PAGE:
Saturday 19 October 2019
Select a region

Guernsey signs new Double Taxation Agreement with UK

Guernsey signs new Double Taxation Agreement with UK

Tuesday 03 July 2018

Guernsey signs new Double Taxation Agreement with UK


Guernsey has signed a new Double Taxation Agreement with the UK, replacing the former one that has been in force since 1951.

A DTA is an agreement between two governments which ensures people are not taxed twice on the same stream of income, by those two governments.

The new agreement is based, broadly, on the OECD Model Tax Convention, which Guernsey has generally followed in its negotiations with other jurisdictions in recent years. To date, Guernsey has signed 13 full DTAs and 12 partial DTAs with other jurisdictions.

The text of the new UK DTA was negotiated alongside the Isle of Man and Jersey, with relevant industry experts from each of Crown Dependencies being consulted on the content throughout, and the provisions of the agreements are the same for all three Crown Dependencies. Its text takes into account the recent international standards designed to prevent base erosion and profit shifting (BEPS).  Guernsey is committed to those principles.

The new DTA between the UK and Guernsey also permits the exchange of information between the two governments. 

Policy & Resources Committee President, Deputy Gavin St Pier signed the DTA on behalf of the States of Guernsey in London today.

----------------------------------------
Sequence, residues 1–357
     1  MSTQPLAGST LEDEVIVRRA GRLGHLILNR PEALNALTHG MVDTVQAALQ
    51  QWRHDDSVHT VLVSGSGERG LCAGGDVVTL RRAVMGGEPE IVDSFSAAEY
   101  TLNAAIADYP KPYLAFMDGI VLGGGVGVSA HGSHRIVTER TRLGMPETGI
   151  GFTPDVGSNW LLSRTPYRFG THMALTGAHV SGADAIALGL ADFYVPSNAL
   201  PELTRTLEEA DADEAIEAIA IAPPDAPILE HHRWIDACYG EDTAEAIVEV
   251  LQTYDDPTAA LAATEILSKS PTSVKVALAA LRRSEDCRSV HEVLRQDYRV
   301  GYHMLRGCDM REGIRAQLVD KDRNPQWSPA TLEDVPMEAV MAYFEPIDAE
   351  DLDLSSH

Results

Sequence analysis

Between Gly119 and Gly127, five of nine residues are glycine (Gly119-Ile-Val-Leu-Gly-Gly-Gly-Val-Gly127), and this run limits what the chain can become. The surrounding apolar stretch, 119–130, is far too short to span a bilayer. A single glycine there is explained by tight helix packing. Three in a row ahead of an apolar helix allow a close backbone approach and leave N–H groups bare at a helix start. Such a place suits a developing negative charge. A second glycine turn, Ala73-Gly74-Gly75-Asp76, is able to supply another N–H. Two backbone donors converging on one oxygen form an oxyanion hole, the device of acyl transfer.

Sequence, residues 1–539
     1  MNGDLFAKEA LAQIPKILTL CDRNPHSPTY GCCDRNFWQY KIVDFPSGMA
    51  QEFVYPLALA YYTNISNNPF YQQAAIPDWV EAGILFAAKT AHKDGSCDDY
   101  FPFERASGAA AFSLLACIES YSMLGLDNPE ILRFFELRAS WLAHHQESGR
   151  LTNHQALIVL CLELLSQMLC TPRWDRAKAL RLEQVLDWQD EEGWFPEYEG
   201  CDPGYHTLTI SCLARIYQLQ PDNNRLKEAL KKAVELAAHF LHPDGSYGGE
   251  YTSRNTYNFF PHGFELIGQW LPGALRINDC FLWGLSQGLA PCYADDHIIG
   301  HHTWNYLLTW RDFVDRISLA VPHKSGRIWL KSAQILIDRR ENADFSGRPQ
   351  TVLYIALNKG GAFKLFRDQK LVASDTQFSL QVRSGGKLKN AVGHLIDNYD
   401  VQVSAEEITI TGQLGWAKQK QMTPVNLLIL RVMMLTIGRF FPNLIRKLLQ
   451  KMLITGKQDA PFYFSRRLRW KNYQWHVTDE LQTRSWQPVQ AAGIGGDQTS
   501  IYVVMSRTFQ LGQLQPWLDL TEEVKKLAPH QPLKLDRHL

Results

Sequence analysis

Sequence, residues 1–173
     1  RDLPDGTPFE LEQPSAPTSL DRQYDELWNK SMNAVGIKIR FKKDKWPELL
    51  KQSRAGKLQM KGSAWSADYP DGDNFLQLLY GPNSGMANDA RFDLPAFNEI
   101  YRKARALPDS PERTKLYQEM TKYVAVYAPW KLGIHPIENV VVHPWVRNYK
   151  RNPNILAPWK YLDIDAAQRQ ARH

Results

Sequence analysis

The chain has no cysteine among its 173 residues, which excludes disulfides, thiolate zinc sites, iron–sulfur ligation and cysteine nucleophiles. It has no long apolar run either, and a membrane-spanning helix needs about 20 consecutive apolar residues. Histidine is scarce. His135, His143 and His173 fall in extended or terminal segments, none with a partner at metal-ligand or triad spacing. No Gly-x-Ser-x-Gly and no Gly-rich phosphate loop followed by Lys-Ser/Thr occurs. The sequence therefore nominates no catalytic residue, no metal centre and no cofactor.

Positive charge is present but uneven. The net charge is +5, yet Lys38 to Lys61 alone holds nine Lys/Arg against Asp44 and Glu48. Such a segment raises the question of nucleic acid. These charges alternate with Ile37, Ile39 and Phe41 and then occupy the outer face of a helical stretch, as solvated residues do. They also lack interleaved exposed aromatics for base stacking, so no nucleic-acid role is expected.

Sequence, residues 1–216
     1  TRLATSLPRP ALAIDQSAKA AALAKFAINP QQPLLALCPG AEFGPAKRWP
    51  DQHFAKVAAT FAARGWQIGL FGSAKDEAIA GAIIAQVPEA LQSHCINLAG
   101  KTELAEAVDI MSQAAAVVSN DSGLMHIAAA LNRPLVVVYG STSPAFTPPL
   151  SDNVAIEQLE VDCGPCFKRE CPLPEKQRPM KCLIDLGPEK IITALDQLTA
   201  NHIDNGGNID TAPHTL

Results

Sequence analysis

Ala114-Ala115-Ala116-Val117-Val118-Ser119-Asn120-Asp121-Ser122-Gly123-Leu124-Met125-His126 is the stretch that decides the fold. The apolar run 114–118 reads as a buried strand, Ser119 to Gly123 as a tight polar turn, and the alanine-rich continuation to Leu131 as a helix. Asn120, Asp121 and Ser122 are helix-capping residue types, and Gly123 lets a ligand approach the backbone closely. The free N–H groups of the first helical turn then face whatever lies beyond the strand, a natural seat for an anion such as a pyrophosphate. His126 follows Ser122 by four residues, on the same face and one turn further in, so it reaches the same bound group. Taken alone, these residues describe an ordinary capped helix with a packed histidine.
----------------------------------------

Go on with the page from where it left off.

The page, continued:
Deputy St Pier said: "While the previous Double Taxation Agreement with the UK has served both sides well for more than 60 years, it was important that a new agreement was negotiated which reflected the changes in international taxation that have occurred since the 1950s, and the island’s commitment to meeting international tax standards including the most recent BEPS standards, set by the OECD.

"Given how close our trading relationship with the UK is, ensuring that individuals and companies understand the way that they will be taxed by each government is hugely important."

Sign up to newsletter

 

Comments

Once your comment has been submitted, it won’t appear immediately. There is no need to submit it more than once. Comments are published at the discretion of Bailiwick Publishing, and will include your username.

There are no comments for this article.

To place a comment please login

You have landed on the Bailiwick Express website, however it appears you are based in . Would you like to stay on the site, or visit the site?